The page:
These fractures are among the most frequent fractures in childhood and generally develop due to falling from height on hands. While in some cases it occurs as partial fracture specific to childhood (“greenstick fracture”) in other cases it develops as a fully separated fracture as seen in adults.
With fracture, severe swelling, sensitivity and deformity occurs. In this case, the x-rays taken by the orthopaedist are used to examine whether the fracture affects both bones in the forearm, how much the bones have bent, whether bones are short and whether wrist and elbow are affected. After answering all these questions, treatment is planned in consideration of certain criteria. If the treatment is simply relocating the fracture, it can be cast or methods including various implants such as plates, screws or wires after invasive or non-invasive corrections. The potential complications after the treatment include repeat fractures at the same location (up to 10%), partial mobility restriction in the forearm, or compartment syndrome with appears especially after severe trauma due to excessive swelling and that may affect veins and nerves. Necessary measures are taken against all these but any complications that may nevertheless occur are also treated.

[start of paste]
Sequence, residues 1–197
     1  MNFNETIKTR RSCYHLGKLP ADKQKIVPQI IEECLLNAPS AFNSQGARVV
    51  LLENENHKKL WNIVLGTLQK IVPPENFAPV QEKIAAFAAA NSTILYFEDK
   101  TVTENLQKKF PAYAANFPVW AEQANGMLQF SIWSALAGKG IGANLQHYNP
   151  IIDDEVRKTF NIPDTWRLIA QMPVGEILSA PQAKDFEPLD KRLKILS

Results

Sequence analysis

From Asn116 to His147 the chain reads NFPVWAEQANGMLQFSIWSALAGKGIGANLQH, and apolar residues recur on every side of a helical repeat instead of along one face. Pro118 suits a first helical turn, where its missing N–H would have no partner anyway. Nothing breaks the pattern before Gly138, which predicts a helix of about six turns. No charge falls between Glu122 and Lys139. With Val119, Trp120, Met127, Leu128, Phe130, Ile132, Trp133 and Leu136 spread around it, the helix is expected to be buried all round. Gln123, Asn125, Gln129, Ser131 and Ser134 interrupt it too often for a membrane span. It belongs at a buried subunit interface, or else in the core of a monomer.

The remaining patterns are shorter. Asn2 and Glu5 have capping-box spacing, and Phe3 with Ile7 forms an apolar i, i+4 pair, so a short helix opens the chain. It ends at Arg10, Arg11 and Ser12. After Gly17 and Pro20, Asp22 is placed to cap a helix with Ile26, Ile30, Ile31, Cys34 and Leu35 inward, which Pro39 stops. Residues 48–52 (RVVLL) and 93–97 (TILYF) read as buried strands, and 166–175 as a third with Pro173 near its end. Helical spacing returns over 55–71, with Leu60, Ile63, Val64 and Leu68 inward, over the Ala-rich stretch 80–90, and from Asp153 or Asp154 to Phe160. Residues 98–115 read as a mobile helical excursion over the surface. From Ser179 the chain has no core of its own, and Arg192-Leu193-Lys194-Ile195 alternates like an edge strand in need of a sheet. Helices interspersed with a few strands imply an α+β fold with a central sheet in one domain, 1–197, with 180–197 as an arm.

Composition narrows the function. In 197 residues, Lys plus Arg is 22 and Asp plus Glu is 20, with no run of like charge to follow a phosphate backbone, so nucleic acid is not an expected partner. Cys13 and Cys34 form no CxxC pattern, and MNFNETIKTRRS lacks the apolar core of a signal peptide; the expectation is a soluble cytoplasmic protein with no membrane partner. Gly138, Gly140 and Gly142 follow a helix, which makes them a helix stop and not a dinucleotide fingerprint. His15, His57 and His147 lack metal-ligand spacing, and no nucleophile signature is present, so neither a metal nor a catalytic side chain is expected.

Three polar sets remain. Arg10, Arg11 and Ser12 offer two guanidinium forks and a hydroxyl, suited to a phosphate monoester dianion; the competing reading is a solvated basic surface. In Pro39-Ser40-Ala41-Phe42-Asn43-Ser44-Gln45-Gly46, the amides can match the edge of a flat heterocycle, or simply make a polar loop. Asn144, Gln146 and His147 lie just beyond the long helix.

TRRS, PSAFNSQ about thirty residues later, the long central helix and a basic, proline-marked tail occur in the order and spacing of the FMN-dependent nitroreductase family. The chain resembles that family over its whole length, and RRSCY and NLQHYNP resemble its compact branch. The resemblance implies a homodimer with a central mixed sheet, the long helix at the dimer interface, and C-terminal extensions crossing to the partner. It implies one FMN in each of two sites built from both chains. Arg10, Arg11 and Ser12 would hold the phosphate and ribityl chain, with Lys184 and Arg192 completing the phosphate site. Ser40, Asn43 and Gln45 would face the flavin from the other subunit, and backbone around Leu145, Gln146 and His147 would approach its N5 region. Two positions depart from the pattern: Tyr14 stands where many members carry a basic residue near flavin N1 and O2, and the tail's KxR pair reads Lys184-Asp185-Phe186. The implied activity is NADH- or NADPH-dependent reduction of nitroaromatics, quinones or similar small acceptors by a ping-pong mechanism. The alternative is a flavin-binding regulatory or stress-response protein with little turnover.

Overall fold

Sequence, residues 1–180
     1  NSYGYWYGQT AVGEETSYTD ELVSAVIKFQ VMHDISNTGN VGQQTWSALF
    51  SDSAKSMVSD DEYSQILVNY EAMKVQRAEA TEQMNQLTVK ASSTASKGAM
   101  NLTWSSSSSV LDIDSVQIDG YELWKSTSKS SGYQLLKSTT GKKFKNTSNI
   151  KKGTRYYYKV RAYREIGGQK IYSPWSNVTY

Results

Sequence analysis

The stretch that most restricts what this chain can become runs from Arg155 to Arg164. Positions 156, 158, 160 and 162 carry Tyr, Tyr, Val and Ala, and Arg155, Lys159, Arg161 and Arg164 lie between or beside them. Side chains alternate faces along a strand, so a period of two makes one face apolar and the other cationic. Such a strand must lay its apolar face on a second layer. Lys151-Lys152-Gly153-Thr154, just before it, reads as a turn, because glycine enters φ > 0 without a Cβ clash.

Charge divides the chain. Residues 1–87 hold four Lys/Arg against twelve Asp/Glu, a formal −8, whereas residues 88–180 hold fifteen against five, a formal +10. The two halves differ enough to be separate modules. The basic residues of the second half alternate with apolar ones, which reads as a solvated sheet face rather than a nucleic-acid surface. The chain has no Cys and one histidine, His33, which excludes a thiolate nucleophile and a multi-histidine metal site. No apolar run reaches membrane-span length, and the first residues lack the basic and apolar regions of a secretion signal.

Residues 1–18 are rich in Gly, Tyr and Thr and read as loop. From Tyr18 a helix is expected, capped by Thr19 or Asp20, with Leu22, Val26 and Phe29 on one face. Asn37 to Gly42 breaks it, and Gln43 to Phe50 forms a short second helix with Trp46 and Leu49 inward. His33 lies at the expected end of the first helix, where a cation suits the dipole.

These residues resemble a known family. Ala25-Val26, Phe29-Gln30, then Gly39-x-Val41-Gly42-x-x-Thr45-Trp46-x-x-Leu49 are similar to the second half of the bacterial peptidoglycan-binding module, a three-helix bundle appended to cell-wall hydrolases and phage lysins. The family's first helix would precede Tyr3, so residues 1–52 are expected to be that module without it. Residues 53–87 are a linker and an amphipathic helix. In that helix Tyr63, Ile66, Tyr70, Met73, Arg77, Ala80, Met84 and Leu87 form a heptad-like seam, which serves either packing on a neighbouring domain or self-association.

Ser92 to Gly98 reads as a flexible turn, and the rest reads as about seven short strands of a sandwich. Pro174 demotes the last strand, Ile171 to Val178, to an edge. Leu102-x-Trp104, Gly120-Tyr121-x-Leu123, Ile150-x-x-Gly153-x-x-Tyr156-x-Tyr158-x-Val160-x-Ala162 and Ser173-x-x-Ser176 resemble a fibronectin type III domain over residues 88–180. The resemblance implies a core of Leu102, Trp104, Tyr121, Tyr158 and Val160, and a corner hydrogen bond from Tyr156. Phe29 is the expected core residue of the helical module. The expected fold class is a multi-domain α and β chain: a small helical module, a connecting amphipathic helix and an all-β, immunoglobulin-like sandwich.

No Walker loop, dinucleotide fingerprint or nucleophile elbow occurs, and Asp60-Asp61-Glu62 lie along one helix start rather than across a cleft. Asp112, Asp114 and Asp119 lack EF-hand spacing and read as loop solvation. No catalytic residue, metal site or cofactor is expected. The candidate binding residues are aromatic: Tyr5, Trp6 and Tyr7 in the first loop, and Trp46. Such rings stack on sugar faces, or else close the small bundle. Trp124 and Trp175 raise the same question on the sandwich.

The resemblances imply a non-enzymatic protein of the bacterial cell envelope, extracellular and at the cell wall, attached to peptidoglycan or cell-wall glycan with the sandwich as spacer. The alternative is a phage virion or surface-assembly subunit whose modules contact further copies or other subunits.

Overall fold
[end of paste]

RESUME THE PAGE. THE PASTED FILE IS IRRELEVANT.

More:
Contents of the page are for information purposes only, you must consult your doctor for diagnosis and treatment.